I started this year with the idea that I must wear a Telia Rumal sari for my birthday. I fell in love with the design and the black-red-white combination. It was so stunning. I didn’t manage to get the sari in time for my birthday but got it in time for Krishnan’s birthday and it was special to wear it in Vizag the day we met with the Chegg India team (one of ShikshaDaan’s sponsors) and the Srujanavani team, one of ShikshaDaan’s partners in Vizag.
A little bit of history about the Telia Rumal – (Source – http://impresa.in/telia-rumal/)
Origin & History:
Telia Rumal literally means ‘ Oily handkerchief’. The craft has its origin in Andhra Pradesh and dates back to early 19th Century. Though it started in Chirala its currently practiced by a few weavers in Puttapaka village of Nalgonda district. The rectangular telia cloths were used as a veil/scarves by women and a multipurpose cloth by men ( turban,lungi, shoulder cloth ).
They were also exported to Asia Africa and other gulf countries. We are told that the printed replicas produced by Manchester textiles was the reason behind the decline of this craft. The technique was later adapted to create sarees and dupattas.
Telia rumal is a very intricate and laborious double ikat weave. As the name suggests the yarn is treated with oil The products used for the treatment of the yarn are sheep dung castor pod ashes and oil. The treated yarn which is used for the warp ( length ) and weft ( width ) is tied and dyed in accordance with a predetermined geometrical design.
Each of the warp and weft threads are individually positioned on the loom prior to weaving hence it’s crucial for the weaver to ensure perfection. Only 3 colors are traditionally used – red black and white in geometrical designs. Weaving a telia rumal needs a great amount of practice and perfection for the warp and weft to be meticulously converted to an artistic design. The number of motifs makes it more complex and difficult to weave.
Current scenario :
Puttapaka is a village in the Narayanpur mandal/samsthan of Nalgonda district of Andhra Pradesh . Its famous for its tie and dye sarees mainly the Telia Rumal. The community of weavers are known as the Puttapaka Padmashalis.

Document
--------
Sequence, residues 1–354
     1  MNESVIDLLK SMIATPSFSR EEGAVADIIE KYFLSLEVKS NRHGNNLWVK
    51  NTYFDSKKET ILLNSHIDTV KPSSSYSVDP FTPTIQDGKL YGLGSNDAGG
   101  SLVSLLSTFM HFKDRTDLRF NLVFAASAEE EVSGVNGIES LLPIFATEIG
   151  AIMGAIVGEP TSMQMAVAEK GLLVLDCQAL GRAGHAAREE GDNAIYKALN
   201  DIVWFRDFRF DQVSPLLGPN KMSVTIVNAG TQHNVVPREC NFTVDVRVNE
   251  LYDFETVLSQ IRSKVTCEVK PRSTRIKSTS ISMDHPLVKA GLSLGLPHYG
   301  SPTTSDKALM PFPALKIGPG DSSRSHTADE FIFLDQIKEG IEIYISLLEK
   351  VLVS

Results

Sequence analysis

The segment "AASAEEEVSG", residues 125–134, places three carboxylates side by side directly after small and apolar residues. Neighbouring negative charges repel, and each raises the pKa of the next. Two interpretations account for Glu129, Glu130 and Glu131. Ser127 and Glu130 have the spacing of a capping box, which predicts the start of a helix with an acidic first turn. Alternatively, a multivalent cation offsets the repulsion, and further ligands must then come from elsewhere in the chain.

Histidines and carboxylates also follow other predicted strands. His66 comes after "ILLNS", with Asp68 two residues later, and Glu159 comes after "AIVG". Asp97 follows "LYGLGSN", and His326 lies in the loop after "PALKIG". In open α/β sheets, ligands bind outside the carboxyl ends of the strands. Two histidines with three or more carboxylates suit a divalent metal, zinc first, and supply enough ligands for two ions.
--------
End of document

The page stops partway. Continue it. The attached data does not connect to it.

Only a couple of weavers from the Padmashali community are currently practicing this exquisite craft in the village of Puttapaka. Due to the laborious process of the oil treatment, it has been done away with and alizarin dyes are being used. It still takes over two months to weave a saree.
I didn’t get the Telia Rumal from Puttapaka, but I got it online on Gaatha.com who probably sourced it from Puttapaka. Its also without the “tel” or oil, but its handwoven and my favourite chessboard motifs are on it. This is my first double ikat sari and I love it …. The following photographs are taken inside the hotel room at Vizag. The neckpiece is from Desh Maheshwari. The plan is to get the nine motif silk Telia next and Lakshmi is responsible for sourcing one because she got me hooked onto it by wearing hers :):). Do check out Lakshmi’s Facebook page – Kalpavastram to buy authentic handloom saris from all over India.
The Telia Rumal sarees are being revived by great handloom weavers like Shri Gajam Anjaiah. Read more about him here – Gajam Anjaiah. Whenever you buy saris, please buy atleast some handwoven saris and help in sustaining this art !
Categories: Travel..Cycle..Health..Sarees..The Earth